In January 2013, Schmidt and Jared Cohen, director of Google Ideas visited North Korea along with former New Mexico governor Bill Richardson.[67] The trip was highly publicized and controversial due to the ongoing tension between North Korea and the United States.[68] Tumblr, a Yahoo!-owned social-blogging site, featured a page titled, “Eric Schmidt looking at things”, and included photographs of Mr. Schmidt looking intently at computer screens and other scenes in North Korea.[69] On August 10, 2013, North Korea announced an indigenous smartphone, named Arirang, that may be using the Google Android operating system.[70]

Advocating open Internet use in Myanmar[edit]

In March 2013, Schmidt visited Myanmar (also known as Burma), which had been ruled by a military junta for decades and is transitioning to a democracy. During his visit, Schmidt spoke in favor of free and open Internet use in the country, and was scheduled to meet with the country’s president.[71][72][73]

Publications[edit]

The New Digital Age[edit]

In 2013, Schmidt and Jared Cohen, director of the Google Ideas think tank, published The New Digital Age: Reshaping the Future of People, Nations and Business, which discusses the geopolitical implications of increasingly widespread Internet use and access to information. The book was inspired by an essay in Foreign Affairs magazine the two co-wrote in 2010.[74][75][76] He also wrote the preface to The Startup Game: Inside the Partnership between Venture Capitalists and Entrepreneurs, by William H. Draper, III.[77]

How Google Works[edit]

In 2014, Schmidt co-authored the book How Google Works with Jonathan Rosenberg, former Senior Vice President of Products at Google and current advisor to Google CEO Larry Page, and Alan Eagle.[78] The book is a collection of the business management lessons learned over the course of Schmidt and Rosenberg's time leading Google. [79]

Other work[edit]

Schmidt was on the list of ARTnews's 200 top art collectors in 2008.[80] He is a member of the Bilderberg Group and attended the Bilderberg conference in 2011,[81] 2012 and 2013.[82] He also has a listed membership with the Trilateral Commission.[83]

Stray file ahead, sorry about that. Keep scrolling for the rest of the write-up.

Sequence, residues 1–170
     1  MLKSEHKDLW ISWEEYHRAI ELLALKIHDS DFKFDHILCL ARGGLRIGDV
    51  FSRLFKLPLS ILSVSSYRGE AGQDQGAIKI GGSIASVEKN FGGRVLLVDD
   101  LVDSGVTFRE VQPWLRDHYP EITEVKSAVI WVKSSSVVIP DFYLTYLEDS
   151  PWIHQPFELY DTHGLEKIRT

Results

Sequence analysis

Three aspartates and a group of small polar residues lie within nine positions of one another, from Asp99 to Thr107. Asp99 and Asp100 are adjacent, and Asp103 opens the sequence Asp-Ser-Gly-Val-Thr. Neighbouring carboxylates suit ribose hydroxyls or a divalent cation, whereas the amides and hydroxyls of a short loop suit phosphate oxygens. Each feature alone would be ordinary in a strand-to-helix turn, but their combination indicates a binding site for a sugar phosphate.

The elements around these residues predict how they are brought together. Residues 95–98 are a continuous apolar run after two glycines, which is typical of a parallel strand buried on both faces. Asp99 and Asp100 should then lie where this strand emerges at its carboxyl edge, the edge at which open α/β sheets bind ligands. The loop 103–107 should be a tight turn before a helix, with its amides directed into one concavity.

With his wife, Wendy, he formed the Schmidt Ocean Institute which supports oceanographic research by operating RV Falkor.[84]

Personal life[edit]

In June 1980, Schmidt married Wendy Susan Boyle (born in Short Hills, New Jersey, in 1955). They lived in Atherton, California, in the 1990s.[85] They have two daughters, Sophie and Allison.[9][86] The two separated in 2011.[9][87][88] That year, Schmidt dated Lisa Shields, a communications executive for the Council on Foreign Relations.[89]

In 2012, he was dating concert pianist and artist Chau-Giang Nguyen (Nguyễn Thị Châu Giang), who was formerly engaged to Hollywood Oscar-winning TV and movie producer Brian Grazer until they split in 2011.[87][90][91][92]

In January 2013, Schmidt visited North Korea with his daughter Sophie,[93] Jared Cohen and former New Mexico governor Bill Richardson.[94][95]

See also[edit]

References[edit]

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  23. ^ "CEO Eric Eric Schmidt stood out because he 'was the only candidate who had been to Burning Man.'" From "Markoff and Zachary on Google"; quoted are John Markoff and Gregg Zachary. See also Business Week's "Eric Eric Schmidt, Google" from September 29, 2003: "One of the first orders of business was joining his new 20-something colleagues at Burning Man, a free-form festival of artistic self-expression held in a Nevada desert lake bed. Sitting in his office shortly after his return, tanned and slightly weary, Eric Schmidt couldn't have been happier. "They're keeping me young," he declared."
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  39. ^ New America Foundation, Board of Directors, accessed May 11, 2010]
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  50. ^ "About Us". Retrieved January 22, 2012. 
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  77. ^ "The Startup Game: Inside the Partnership between Venture Capitalists and Entrepreneurs". Amazon. 24 February 2014. 
  78. ^ http://www.hachettebookgroup.com/titles/eric-schmidt/how-google-works/9781455582341/
  79. ^ http://www.independent.co.uk/arts-entertainment/books/reviews/how-google-works-by-eric-schmidt-and-jonathan-rosenberg-book-review-9726444.html
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  96. ^ John Battelle (December 1, 2005). "The 70 Percent Solution: Google CEO Eric Schmidt gives us his golden rules for managing innovation". CNN Money magazine. Retrieved August 12, 2011. 

External links[edit]

Business positions
Preceded by
Larry Page
Chief Executive Officer of Google
2001–2011
Succeeded by
Larry Page
Executive Chairman of Google
2011–present
Incumbent